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Expansion of rubber mono-cropping and its implications for the resilience of ecosystems in the face of climate change in Montane Mainland Southeast Asia

By Jefferson Fox, Jean-Christophe Castella, Alan D. Ziegler and Sidney B. Westley


Farmers in montane mainland Southeast Asia (MMSEA) have long practiced shifting cultivation with plots of land cultivated temporarily and then allowed to revert to secondary forest for a fallow period. In recent years, shifting cultivation has given way to more intensified forms of mono-cropped agriculture, including cultivated crops, orchards and, of increasing importance, rubber tree plantations. Today, more than one million hectares have been converted to rubber plantations. By 2050, the area under rubber trees in MMSEA is predicted to increase fourfold (Fox et al. 2012). This massive conversion of primary or secondary forests to rubber mono-cropping could threaten the resilience of both ecosystems and livelihoods. Despite environmental concerns and market fluctuations, both local farmers and outside entrepreneurs are likely to continue expanding rubber plantations because of their high economic returns. We argue that more diversified agroforestry systems that provide an optimal balance between economic returns and environmental sustainability are needed to improve the long-term outlook for the region in the face of climate change. (Résumé d'auteur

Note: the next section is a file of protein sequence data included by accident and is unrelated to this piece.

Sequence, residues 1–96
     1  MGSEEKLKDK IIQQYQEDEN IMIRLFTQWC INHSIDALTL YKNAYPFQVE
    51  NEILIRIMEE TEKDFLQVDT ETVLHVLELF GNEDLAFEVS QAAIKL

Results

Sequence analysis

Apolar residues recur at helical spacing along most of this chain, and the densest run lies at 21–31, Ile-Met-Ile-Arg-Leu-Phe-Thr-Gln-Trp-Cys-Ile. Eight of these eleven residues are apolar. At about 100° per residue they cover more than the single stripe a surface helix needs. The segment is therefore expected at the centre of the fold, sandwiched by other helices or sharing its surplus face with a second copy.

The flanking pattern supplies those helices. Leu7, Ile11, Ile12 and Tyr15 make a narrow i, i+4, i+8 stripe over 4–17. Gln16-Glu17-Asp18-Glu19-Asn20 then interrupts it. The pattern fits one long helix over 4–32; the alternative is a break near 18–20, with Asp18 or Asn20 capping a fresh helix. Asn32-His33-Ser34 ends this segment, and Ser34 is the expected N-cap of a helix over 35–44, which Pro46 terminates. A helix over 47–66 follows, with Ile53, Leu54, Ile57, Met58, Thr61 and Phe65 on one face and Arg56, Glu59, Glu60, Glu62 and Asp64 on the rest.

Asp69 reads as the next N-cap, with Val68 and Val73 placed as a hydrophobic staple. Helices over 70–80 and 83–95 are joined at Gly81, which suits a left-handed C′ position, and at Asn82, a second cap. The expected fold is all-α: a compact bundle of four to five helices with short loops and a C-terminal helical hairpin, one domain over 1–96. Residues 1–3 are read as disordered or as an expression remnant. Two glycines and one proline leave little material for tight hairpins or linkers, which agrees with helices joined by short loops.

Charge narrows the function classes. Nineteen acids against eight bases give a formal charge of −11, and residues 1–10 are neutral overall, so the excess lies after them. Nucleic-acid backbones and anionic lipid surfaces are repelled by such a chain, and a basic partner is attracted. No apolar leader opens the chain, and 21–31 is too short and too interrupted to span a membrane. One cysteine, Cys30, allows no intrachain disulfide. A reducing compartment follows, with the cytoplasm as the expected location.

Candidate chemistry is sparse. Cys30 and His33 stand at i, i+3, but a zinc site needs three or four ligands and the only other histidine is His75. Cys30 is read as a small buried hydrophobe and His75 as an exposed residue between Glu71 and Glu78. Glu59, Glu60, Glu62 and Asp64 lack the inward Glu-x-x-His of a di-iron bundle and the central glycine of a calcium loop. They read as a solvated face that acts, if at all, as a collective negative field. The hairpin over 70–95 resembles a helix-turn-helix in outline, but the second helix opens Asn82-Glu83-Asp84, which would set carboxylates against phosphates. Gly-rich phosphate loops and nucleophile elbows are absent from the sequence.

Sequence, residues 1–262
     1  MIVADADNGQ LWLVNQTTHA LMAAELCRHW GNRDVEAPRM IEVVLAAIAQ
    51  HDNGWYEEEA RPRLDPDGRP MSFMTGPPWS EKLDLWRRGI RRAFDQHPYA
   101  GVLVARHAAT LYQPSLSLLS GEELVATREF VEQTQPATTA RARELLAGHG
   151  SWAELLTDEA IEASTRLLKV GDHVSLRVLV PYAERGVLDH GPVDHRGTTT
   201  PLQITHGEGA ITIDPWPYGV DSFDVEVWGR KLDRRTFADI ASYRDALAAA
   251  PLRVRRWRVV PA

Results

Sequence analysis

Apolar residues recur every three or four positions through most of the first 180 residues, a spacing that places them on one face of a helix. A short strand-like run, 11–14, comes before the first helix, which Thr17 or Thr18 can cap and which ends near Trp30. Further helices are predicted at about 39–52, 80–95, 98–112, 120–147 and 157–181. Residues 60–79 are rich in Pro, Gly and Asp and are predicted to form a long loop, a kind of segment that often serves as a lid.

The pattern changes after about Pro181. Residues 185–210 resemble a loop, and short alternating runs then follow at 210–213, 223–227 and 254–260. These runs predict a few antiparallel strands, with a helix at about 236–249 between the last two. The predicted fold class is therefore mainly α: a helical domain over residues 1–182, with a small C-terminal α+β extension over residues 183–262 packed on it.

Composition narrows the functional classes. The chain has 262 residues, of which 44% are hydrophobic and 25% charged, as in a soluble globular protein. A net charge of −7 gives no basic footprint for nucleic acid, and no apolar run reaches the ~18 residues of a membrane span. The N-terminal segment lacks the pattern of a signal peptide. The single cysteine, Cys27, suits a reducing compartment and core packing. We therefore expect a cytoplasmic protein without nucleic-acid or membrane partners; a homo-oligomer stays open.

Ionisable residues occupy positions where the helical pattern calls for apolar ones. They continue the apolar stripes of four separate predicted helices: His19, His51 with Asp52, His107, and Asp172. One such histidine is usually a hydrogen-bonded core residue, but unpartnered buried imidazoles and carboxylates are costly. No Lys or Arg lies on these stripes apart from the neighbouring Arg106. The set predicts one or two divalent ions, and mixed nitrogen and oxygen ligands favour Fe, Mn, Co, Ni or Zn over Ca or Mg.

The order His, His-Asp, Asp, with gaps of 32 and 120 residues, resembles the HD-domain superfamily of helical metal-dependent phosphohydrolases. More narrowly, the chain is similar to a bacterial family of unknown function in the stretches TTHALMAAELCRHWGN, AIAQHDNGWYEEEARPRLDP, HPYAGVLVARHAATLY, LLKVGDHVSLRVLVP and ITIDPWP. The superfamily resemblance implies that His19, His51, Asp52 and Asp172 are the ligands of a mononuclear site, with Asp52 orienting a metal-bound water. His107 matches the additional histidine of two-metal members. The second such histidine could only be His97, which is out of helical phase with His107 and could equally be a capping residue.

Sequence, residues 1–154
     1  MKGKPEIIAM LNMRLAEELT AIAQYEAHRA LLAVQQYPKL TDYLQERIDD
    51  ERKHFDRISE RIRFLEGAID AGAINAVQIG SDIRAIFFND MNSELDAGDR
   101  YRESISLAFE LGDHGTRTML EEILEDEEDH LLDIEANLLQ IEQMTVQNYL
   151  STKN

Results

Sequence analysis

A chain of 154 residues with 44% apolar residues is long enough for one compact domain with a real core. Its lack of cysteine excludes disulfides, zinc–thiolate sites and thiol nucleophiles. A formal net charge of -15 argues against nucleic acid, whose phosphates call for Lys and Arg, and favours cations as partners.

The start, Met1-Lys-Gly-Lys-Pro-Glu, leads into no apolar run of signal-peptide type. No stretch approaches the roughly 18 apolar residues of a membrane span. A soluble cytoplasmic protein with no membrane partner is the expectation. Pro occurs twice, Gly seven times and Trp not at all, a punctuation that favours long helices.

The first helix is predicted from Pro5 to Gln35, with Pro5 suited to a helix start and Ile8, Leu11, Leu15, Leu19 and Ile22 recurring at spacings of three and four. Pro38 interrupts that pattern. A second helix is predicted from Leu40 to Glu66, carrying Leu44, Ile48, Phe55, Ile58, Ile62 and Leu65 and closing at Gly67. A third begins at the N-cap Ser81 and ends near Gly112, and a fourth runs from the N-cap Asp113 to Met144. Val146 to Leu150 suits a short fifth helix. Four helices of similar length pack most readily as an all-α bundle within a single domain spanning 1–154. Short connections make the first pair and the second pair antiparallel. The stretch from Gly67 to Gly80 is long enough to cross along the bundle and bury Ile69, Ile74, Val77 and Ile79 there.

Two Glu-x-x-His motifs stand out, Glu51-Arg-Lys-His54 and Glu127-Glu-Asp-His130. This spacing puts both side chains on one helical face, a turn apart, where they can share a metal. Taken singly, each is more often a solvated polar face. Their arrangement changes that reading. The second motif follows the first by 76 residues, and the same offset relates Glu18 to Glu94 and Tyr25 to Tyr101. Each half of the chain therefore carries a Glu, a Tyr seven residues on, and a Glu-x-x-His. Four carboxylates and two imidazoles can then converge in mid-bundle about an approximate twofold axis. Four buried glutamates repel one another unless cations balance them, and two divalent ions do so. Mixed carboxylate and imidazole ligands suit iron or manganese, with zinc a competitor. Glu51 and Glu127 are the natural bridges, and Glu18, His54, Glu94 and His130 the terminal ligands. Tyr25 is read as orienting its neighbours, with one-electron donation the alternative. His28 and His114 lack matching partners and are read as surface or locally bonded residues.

Topics: K10 - Production forestière, K01 - Foresterie - Considérations générales, K70 - Dégâts causés aux forêts et leur protection, P40 - Météorologie et climatologie, P01 - Conservation de la nature et ressources foncières, F08 - Systèmes et modes de culture
Year: 2014
OAI identifier:
Provided by: Agritrop

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